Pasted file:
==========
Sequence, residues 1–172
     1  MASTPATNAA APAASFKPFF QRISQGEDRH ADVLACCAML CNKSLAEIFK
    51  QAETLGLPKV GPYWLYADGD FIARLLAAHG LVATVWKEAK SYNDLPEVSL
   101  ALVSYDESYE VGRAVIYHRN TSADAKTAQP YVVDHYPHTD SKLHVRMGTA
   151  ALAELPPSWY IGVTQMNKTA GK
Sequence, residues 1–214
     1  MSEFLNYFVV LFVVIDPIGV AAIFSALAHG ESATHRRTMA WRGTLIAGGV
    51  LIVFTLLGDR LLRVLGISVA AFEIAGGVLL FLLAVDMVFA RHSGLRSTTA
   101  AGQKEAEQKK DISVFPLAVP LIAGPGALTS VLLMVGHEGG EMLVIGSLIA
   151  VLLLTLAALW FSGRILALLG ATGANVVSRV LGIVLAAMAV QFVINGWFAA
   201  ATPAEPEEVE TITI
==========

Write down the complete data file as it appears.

Sequence, residues 1–172
     1  MASTPATNAA APAASFKPFF QRISQGEDRH ADVLACCAML CNKSLAEIFK
    51  QAETLGLPKV GPYWLYADGD FIARLLAAHG LVATVWKEAK SYNDLPEVSL
   101  ALVSYDESYE VGRAVIYHRN TSADAKTAQP YVVDHYPHTD SKLHVRMGTA
   151  ALAELPPSWY IGVTQMNKTA GK
Sequence, residues 1–214
     1  MSEFLNYFVV LFVVIDPIGV AAIFSALAHG ESATHRRTMA WRGTLIAGGV
    51  LIVFTLLGDR LLRVLGISVA AFEIAGGVLL FLLAVDMVFA RHSGLRSTTA
   101  AGQKEAEQKK DISVFPLAVP LIAGPGALTS VLLMVGHEGG EMLVIGSLIA
   151  VLLLTLAALW FSGRILALLG ATGANVVSRV LGIVLAAMAV QFVINGWFAA
   201  ATPAEPEEVE TITI